German United Evangelical Church, German-Speaking, Protestants, Immigrants, Prussia
In 1846 the congregation "The German United Evangelical Church of Addison, DuPage County, Illinois," which had no denominational affiliation but sought to include all German-speaking Protestants and any other believers in its fold, built the first church and parsonage, with Francis Hoffmann their first pastor. Most its members hailed from the village of Schale in the district of Tecklenburg in Hanover, then part of Prussia. Y~t in the summer of 1847 the Lutheran minister C. A. T. Selle of Chicago initiated the expulsion of all non-Lutherans from the congregation which was completed by 1848. By the end of 1848, therefore, the families that had been ejected from the now purely Lutheran Church made plans to build their own church which they called St. John's United Evangelical Church of Addison, DuPage County, Illinois. There was competition between the northerners and the southerners about where to build the church. The northerners won out by raising the most money. But this did not appear to cause a breach. The people who lived along the Des Plaines River cut down huge oaks for lumber. Free-will offerings were collected and totaled $119.00 and by the Fall of 1849 plans for the church were complete.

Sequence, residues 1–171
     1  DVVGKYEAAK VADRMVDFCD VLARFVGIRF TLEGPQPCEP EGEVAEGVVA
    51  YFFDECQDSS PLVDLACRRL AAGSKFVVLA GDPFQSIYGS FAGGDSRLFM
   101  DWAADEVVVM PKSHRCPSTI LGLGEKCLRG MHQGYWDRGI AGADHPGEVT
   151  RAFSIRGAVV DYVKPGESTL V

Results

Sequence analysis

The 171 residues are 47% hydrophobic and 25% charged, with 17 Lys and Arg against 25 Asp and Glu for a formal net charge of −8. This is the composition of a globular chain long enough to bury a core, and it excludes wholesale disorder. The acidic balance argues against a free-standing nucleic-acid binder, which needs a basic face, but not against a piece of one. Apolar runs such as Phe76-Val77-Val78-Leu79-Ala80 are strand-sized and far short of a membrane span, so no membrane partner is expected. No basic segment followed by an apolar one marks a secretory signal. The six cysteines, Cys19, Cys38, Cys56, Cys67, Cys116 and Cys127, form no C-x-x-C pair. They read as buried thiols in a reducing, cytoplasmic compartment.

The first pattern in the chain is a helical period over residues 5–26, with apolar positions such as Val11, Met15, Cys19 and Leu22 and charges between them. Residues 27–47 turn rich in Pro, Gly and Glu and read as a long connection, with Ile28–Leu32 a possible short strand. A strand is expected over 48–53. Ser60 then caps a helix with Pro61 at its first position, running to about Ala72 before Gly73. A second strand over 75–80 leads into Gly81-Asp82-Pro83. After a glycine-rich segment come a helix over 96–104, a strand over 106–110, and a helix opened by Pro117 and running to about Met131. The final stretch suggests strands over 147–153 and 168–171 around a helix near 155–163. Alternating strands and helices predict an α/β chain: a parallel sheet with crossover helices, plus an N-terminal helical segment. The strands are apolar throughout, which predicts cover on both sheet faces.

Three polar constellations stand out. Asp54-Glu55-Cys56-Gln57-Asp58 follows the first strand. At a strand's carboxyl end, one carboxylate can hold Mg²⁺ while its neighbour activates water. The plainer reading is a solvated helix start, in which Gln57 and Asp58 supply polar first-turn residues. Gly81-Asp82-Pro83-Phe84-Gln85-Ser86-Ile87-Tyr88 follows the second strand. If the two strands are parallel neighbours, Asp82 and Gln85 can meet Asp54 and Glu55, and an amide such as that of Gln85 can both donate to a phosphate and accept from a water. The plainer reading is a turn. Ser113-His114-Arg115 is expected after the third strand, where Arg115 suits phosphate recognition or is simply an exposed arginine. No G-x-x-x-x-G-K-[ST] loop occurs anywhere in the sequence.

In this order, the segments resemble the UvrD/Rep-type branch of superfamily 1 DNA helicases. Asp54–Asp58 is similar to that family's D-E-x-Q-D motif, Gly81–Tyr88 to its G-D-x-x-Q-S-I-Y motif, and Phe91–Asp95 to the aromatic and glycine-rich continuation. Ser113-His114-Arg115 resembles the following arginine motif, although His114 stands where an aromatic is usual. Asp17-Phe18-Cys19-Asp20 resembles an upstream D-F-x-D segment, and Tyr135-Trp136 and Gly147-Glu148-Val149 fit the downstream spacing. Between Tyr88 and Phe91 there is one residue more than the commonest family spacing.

"Peter Moecklin and Peter Lehmann Pastors of St. John's United Evangelical Church of Addison, Illinois,"
Swiss American Historical Society Review: Vol. 36:
3, Article 3.
Available at: https://scholarsarchive.byu.edu/sahs_review/vol36/iss3/3